iCeMS Gathers for Opening of Virtual Retreat Series
How do you encourage open communication and a strong cooperative atmosphere when our face-to-face communication is limited due to a pandemic?
iCeMS is treating this challenge as an opportunity. Every year iCeMS holds a yearly retreat to break the ice and encourage cross communication between research groups, allowing young researchers to get to know each other and the veteran PI’s, as well as the support staff and director. This year, by breaking the retreat into ten monthly sessions which will take place primarily online, iCeMS will be able to both include alumni and our overseas on-site laboratories.
The kick-off of the 10-session series took place on May 21. The introductory session was hosted by Daishi Fujita, who encouraged the younger generation to get involved with the planning of future sessions and make this their event.
Director Susumu Kitagawa prepared a presentation introducing the new entries to the structure and mission of iCeMS, as well as his own inspirations for pursuing chemistry. He reminded participants of the potential “usefulness of the useless.” And emphasized his three C’s for a successful attitude and mindset. “The Courage to venture into unexplored fields. The spirit to take on new Challenges. And the capacity for Creative thinking.”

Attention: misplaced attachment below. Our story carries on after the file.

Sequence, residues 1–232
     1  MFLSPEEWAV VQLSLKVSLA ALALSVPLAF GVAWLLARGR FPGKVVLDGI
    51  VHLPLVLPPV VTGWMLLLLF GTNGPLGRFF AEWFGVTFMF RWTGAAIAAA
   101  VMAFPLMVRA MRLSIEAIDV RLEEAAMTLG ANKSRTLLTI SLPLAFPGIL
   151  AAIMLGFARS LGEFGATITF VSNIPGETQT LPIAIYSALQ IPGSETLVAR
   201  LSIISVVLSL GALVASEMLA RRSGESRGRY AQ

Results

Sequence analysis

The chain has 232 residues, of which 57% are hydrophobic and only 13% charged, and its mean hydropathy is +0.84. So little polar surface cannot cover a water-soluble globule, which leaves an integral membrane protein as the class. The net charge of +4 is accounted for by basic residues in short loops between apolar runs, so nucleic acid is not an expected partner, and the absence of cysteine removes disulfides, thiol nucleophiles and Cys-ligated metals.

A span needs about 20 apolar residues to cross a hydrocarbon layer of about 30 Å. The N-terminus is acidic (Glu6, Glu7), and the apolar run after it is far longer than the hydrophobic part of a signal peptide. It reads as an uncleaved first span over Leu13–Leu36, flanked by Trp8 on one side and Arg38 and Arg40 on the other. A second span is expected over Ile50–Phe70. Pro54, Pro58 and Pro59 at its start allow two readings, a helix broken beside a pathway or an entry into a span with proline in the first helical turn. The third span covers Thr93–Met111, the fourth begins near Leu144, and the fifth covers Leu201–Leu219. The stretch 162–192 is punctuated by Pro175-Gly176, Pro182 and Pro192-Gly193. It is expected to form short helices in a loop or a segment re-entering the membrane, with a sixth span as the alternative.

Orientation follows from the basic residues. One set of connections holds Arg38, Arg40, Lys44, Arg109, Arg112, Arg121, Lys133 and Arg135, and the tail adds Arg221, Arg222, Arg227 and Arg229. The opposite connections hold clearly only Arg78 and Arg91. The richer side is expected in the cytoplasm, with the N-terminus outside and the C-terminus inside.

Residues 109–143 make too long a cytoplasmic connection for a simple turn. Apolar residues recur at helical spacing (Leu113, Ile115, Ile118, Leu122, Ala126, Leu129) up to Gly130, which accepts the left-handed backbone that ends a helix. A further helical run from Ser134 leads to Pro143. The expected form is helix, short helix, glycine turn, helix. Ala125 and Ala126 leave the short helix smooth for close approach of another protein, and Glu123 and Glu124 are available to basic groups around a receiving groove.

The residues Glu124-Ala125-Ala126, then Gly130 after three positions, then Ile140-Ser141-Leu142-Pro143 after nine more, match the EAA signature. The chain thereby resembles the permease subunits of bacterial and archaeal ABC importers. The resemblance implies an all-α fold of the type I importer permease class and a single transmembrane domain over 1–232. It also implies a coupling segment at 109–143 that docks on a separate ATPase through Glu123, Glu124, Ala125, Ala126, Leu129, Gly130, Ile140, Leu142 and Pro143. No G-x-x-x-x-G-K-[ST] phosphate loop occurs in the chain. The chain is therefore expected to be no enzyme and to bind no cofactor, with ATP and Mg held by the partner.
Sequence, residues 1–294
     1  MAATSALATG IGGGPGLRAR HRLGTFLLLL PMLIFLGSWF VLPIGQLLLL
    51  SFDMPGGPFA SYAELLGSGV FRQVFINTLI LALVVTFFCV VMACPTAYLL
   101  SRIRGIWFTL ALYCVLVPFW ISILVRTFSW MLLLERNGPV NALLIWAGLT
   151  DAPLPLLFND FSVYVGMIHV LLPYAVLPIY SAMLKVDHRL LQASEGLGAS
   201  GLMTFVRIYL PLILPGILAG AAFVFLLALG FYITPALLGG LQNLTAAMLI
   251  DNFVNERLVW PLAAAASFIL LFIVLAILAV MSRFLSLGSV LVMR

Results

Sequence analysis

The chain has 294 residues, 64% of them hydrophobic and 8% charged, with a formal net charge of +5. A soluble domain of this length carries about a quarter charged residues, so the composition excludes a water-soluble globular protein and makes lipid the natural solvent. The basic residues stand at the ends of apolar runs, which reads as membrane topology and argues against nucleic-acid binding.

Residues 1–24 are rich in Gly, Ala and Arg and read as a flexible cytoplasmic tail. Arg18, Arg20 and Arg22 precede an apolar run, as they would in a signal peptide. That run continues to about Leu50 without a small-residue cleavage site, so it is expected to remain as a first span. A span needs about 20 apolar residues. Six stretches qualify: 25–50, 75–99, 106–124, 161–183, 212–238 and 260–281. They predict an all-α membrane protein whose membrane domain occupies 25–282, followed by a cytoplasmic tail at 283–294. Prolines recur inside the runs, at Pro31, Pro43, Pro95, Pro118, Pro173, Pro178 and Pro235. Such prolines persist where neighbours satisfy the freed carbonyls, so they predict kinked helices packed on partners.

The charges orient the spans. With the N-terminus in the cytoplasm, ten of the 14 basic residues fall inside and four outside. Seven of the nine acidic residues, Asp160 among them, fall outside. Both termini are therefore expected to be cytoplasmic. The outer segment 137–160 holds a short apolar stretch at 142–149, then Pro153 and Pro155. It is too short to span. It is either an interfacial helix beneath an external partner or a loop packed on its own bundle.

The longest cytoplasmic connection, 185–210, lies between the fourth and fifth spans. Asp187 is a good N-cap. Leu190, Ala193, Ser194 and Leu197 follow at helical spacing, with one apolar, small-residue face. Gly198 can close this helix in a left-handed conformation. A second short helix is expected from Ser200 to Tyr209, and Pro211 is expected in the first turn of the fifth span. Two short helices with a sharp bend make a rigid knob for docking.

The Communication Design Unit announced a contest to rename this year’s retreat, and they hope to receive many great suggestions. The winning name will be announced soon.
The day’s final experiment was a foray into a new virtual meeting space, Gather.town which combines 8-bit RPG graphic world building with video conferencing technology. Aiko Fukazawa painstakingly recreated the iCeMS building with the addition of a beach, for everyone to explore and begin to get to know each other.
Like any experiment, the event had its successes and setbacks, as more than one person got stuck in the virtual elevator. While looking forwards to a time when the situation improves and everyone can meet in person, iCeMS will continue to adapt in order to dissolve boundaries between academic fields and bring diverse perspectives to the same table, even if for now, it’s a virtual 8-bit table.